A successful mission could "show that India is becoming a key player in space exploration."

Polar Vortex

Just days after Russia crashed its Luna-25 lunar lander on its way to the Moon's surface, India's space agency is gearing up for its own attempt.

The two countries were in a race to become the first country to softly land a craft near the lunar south pole, a region scientists believe could be rich with water ice, a key resource for potential settlement efforts.

But with Russia out of the race for now, all eyes are on India's Chandrayaan-3 spacecraft, a followup to a precursor that crash-landed on its way to the lunar surface back in 2019.

We'll be watching closely because the stakes are high. If successful, the mission could make India only the fourth country to successfully land on the Moon, following the US, the Soviet Union, and China — and, in a sense both symbolic and technical, show that it's pulling ahead of Russia's increasingly disastrous space program.

Trying Again

The lander-rover pair will attempt their treacherous journey to the south pole on Wednesday, if all goes according to plan. Officials from India's space agency ISRO told reporters on Monday that all the spacecraft's systems are working "perfectly," Reuters reports.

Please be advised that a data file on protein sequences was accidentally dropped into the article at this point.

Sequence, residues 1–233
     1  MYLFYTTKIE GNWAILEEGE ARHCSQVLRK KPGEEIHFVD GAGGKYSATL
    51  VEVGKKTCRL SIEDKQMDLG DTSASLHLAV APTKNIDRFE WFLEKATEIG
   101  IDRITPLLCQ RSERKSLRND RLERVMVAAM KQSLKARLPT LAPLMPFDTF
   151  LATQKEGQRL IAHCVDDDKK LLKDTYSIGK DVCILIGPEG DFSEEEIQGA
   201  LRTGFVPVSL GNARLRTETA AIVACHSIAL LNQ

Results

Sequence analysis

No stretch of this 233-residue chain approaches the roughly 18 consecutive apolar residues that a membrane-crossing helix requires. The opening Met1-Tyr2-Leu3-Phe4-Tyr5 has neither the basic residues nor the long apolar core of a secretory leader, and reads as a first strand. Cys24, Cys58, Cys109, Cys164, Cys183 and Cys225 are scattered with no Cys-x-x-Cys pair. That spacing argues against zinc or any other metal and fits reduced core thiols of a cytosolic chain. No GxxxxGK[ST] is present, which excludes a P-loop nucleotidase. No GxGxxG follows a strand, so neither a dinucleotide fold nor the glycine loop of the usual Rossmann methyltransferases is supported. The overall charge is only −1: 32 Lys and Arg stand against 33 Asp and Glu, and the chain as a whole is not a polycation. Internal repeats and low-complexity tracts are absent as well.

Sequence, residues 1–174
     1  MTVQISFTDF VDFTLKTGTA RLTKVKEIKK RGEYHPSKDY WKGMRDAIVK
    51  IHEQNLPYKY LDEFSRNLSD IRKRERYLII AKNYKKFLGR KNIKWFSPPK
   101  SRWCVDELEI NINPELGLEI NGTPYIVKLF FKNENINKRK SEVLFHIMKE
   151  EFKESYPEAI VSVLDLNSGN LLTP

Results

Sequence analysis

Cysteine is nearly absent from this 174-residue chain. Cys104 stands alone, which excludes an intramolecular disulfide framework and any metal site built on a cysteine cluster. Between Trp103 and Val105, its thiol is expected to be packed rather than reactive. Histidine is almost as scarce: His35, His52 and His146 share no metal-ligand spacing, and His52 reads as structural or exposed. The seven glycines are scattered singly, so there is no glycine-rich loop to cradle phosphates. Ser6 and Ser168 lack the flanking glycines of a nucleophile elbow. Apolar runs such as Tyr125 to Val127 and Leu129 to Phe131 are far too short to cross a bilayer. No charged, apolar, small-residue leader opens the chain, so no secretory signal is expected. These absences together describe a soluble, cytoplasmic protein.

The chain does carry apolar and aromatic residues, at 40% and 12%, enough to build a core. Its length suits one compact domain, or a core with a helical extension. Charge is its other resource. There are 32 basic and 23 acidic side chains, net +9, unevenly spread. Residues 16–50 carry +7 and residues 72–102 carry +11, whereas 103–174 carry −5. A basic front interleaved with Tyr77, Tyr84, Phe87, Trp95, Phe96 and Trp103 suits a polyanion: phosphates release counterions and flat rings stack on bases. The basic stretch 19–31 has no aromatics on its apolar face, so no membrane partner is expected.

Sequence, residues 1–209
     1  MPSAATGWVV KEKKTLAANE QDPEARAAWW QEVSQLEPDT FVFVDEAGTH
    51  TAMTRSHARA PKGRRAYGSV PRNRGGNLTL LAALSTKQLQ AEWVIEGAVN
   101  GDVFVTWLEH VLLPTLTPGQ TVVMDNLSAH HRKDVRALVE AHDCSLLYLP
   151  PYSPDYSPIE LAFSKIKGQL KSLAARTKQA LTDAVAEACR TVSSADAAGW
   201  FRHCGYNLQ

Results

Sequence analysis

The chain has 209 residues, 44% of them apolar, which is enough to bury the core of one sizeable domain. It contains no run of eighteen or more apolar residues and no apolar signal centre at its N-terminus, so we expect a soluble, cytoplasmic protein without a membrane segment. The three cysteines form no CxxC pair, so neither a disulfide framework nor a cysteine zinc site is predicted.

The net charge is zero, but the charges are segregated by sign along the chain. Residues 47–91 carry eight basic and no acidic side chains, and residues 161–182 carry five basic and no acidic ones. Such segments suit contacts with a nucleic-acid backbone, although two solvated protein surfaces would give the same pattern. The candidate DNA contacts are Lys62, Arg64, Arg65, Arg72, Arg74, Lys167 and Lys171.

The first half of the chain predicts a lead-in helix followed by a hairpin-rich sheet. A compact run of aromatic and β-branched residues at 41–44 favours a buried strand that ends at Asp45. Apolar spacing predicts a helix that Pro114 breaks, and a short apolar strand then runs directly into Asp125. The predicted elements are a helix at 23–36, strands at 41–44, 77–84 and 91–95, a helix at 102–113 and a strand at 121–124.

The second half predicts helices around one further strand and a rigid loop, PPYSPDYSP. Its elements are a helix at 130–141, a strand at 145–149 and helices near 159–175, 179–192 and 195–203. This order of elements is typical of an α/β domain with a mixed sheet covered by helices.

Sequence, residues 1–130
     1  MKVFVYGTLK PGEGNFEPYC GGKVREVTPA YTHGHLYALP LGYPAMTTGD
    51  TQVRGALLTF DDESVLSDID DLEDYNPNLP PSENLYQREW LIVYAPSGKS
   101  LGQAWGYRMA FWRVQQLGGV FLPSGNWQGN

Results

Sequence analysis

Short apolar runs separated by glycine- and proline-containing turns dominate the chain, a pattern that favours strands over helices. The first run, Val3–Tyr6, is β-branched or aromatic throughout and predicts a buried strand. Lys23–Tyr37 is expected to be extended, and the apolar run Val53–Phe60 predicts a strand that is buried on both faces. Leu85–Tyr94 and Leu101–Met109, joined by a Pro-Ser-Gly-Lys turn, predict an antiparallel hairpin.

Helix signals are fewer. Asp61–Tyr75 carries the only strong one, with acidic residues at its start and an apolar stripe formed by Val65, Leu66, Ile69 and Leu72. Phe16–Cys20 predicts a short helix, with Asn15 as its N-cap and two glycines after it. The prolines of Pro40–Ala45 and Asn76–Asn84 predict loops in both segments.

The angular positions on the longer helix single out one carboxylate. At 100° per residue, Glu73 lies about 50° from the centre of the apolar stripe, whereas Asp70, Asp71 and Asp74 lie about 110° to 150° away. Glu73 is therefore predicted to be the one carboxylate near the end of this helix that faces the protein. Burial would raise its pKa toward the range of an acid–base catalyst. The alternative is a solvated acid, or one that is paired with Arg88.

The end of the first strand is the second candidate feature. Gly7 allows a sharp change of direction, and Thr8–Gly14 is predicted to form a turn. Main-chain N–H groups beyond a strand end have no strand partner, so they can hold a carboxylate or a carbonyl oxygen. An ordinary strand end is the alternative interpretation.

The mission's objectives are first to prove the country's capability of safely landing on the Moon, and then study the composition of the lunar south pole if successful.

Chandrayaan-3 features several technological upgrades over its precursor that could give it a better shot of sticking the landing later this week. For one, ISRO is giving itself a larger potential landing zone in the case of adverse conditions. It also has sturdier legs, an important because the south pole's terrain is comparatively rough.

Moon Stakes

If all goes according to plan — needless to say, that's still an astronomical "if" — the lander will release a 57-pound, six-wheeled rover that will explore the surrounding areas for evidence of water ice using an X-ray spectrometer and a laser spectroscope.

A success could catapult India ahead in the international race to establish a permanent presence on the Moon — especially now that Russia's attempt has failed.

"If Chandrayaan-3 succeeds, it will boost India's space agency's reputation worldwide," former ISRO scientist Manish Purohit told Reuters. "It will show that India is becoming a key player in space exploration."

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